While the application of new event technology is a top priority for most planners and organizers, attendee safety is paramount. From addressing potential terrorist threats to weather procedures, from securing personal data to managing complex new event tech systems; there are more risks for planners to tackle than ever before. You are going to need some help.
That’s why the recent launch of Event Safety Insights (ESI), a publication of the Event Safety Alliance (ESA) is so exciting. The new quarterly publication promises to, “provide readers with the latest safety-related news, features, practices, and technology from the across the live event industry.” The first issue, published just last month features a wealth of information you can apply no matter what kind of events you produce. In fact, after reading it, I immediately went to my production team with ideas on how we could improve our own safety procedures.
It also got me thinking about other resources floating around that could help organizers plan safer events. Here are 6 of my biggest takeaways from ESI’s first issue, as well a few other resources you should check out.
1. I Learned Some of the Biggest Missteps in Weather Preparedness
While event tech is great, it shouldn’t replace human judgement and planning. Translation? Don’t rely on an app to make severe weather decisions! Access to weather data is great, but it’s not enough. Planners also need to have the training and expertise to apply the data to their situation and act on their plans.
Plans can be simple and flexible; a risk matrix that could match weather conditions to contingency plans for each department. But it’s your well-trained people, not your app who’ll be the ones executing your plan and managing guests.
2. I Learned How to Spot Signs of Heat Stroke
Did you know that extreme heat is the number one weather killer in the United States, averaging 180 fatalities per year? Yet heat stroke is often overlooked in safety planning. Thankfully, we here in the US are transitioning out of the hottest months. But this could pose a problem for our planner friends in other climates or regions.
In fact, it doesn’t even have to be a scorching day for a guest (or crew member) to suffer heat stroke. Unlike many other more visible types of severe weather, extreme temperature affects everyone differently. Event organizers need to know how to spot the signs of potential heat stroke and be prepared at the venue with information for how to treat anyone experiencing symptoms.
3. I Learned That if You’re Producing an Outdoor Event, Hire a Meteorologist
See #1. The key here is to combine event tech that provides detailed forecasting with a professional’s ability to interpret the data and help you draft plans. The National Weather Service has lots of resources to help you get started.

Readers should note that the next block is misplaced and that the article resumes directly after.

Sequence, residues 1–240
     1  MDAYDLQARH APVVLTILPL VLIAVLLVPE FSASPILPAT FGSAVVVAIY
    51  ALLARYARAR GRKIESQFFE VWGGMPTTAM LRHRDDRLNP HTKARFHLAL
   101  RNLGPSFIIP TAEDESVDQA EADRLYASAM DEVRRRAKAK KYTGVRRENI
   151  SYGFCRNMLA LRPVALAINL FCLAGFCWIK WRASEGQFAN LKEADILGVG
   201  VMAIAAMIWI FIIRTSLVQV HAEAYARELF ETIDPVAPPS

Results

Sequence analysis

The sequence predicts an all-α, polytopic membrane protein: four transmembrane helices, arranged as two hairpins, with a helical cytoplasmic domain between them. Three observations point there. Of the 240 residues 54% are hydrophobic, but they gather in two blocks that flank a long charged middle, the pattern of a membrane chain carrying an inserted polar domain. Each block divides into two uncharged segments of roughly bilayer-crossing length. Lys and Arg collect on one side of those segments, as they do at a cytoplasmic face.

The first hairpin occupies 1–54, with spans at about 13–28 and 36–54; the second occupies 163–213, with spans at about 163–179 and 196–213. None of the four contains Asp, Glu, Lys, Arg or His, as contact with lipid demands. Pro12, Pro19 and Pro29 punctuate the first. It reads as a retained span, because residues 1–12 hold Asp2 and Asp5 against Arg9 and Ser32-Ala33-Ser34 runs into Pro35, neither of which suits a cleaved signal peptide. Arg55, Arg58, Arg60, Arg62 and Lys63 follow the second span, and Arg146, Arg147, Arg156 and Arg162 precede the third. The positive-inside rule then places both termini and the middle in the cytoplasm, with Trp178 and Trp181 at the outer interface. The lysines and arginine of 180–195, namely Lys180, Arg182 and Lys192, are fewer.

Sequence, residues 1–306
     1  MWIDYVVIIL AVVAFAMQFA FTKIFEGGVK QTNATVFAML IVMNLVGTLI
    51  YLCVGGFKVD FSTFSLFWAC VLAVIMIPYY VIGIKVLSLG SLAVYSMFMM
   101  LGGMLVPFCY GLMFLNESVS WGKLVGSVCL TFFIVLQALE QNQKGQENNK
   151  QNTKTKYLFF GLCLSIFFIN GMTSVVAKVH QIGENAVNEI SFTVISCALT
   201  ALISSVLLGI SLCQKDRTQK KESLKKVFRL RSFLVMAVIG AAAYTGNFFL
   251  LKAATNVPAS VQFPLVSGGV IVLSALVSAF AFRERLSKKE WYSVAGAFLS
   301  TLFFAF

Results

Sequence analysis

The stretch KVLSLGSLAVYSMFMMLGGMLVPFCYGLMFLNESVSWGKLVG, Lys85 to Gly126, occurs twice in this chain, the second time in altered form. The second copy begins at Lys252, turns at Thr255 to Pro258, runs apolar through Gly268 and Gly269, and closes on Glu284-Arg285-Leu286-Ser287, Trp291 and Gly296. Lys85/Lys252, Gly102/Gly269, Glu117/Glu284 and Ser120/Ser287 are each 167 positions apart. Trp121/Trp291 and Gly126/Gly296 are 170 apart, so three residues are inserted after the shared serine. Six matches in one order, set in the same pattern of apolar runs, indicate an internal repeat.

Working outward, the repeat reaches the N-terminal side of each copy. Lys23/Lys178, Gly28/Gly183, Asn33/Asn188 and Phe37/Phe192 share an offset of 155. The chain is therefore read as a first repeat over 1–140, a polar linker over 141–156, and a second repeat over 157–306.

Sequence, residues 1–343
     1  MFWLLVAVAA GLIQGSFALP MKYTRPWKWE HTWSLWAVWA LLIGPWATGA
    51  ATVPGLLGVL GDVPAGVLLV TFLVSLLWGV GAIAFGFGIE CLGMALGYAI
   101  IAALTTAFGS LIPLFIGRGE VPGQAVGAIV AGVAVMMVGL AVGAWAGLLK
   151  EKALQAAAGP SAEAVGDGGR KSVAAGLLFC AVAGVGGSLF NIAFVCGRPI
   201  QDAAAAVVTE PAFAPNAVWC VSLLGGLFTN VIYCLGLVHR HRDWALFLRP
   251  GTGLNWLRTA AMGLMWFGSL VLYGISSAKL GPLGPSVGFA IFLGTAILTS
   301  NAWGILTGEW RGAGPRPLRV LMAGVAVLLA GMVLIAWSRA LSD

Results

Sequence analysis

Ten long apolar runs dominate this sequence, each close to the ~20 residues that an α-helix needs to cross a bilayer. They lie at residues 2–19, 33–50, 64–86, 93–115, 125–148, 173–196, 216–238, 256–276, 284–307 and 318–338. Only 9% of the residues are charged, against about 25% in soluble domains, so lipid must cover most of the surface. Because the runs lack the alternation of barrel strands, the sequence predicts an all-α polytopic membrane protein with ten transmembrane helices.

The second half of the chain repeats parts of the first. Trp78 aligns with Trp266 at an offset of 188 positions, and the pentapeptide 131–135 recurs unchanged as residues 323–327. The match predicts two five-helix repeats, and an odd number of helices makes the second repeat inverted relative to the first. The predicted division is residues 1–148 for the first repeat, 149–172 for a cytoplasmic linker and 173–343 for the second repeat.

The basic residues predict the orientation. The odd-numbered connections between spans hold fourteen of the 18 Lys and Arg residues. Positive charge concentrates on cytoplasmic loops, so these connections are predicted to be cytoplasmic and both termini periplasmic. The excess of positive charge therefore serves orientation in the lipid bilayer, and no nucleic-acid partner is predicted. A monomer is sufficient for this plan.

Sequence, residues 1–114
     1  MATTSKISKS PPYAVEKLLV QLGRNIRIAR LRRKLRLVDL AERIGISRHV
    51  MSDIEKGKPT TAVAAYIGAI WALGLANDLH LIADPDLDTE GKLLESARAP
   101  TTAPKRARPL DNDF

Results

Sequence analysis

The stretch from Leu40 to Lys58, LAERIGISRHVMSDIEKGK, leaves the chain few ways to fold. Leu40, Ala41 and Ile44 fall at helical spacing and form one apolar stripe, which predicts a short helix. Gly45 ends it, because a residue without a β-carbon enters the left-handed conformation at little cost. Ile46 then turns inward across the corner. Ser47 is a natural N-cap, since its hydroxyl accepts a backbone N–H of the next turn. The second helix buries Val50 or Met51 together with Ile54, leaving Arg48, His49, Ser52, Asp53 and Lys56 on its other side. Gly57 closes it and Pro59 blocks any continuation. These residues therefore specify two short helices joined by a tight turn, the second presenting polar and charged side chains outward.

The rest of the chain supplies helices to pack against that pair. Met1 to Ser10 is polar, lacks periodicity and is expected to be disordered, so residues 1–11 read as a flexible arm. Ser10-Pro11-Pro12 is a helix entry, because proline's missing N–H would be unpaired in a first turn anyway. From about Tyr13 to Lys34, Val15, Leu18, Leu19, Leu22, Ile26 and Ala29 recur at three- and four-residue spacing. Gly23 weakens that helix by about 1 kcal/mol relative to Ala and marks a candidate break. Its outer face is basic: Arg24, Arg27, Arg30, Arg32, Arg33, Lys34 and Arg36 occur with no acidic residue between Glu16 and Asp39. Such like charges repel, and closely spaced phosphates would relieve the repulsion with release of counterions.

4. I Learned How to Handle Evacuations in Case of Lightning or Other Severe Weather
Kudos to Dr. Kevin Klosel for his comprehensive 8-Point Lightning Safety Plan. Among his many insights, this one in particular stood out: timing. Simply having an evacuation plan is not enough. You need to know how long it will take you to execute the evacuation. This has serious implications on how and when you act on triggers. Your guests need to be escorted to safety before the bad weather actually strikes.
5. I Learned Everything ESA is Now More Affordable!
I attended the Event Safety Alliance’s Annual Summit last year and come away with amazing insights on how to better run my business and my events. I’ve also become a bit of a de-facto evangelist for them, as you’re likely to find me talking them up if I get the chance.
Well, ESA has dropped the cost of pretty much every awesome benefit they offer, including the annual membership fee into ESA (more than 50%!), registration pricing for the annual ESA Summit, and more. You can read all about this “Event Safety for All” initiative here.
6. I Learned About Some Exciting New Upcoming ESA Classes
What better way to improve your understanding of event safety than to learn from the best? ESA announced plans for additional iterations of its core safety training program, Event Safety Access, as well as online versions of the program set to debut in early 2017. ESA has also announced new class initiatives at this month’s LDI Summit, specifically looking at weather decisions, evacuations, and event medical services.
The official site of The Health and Safety Executive of the UK. Lots of links, publications, and general guidelines on safety procedures for events produced in the United Kingdom.
We’ve actually published our own weather contingency document, based off of what our sister production company (Tinc) uses for its events. And it’s totally free to download!
How about some event tech? WeatherOps is one of a few really comprehensive apps that can help inform your weather decision-making.
Before you can build your contingency plans, you need to know what risks you’re likely to face. Everest Insurance has put together a nice checklist to help you identify your risks and prepare to combat them.
Back in December of last year, we published a series of articles looking at different safety practices (i.e. using special effects, tents, etc.). Check them out and let us know what you think!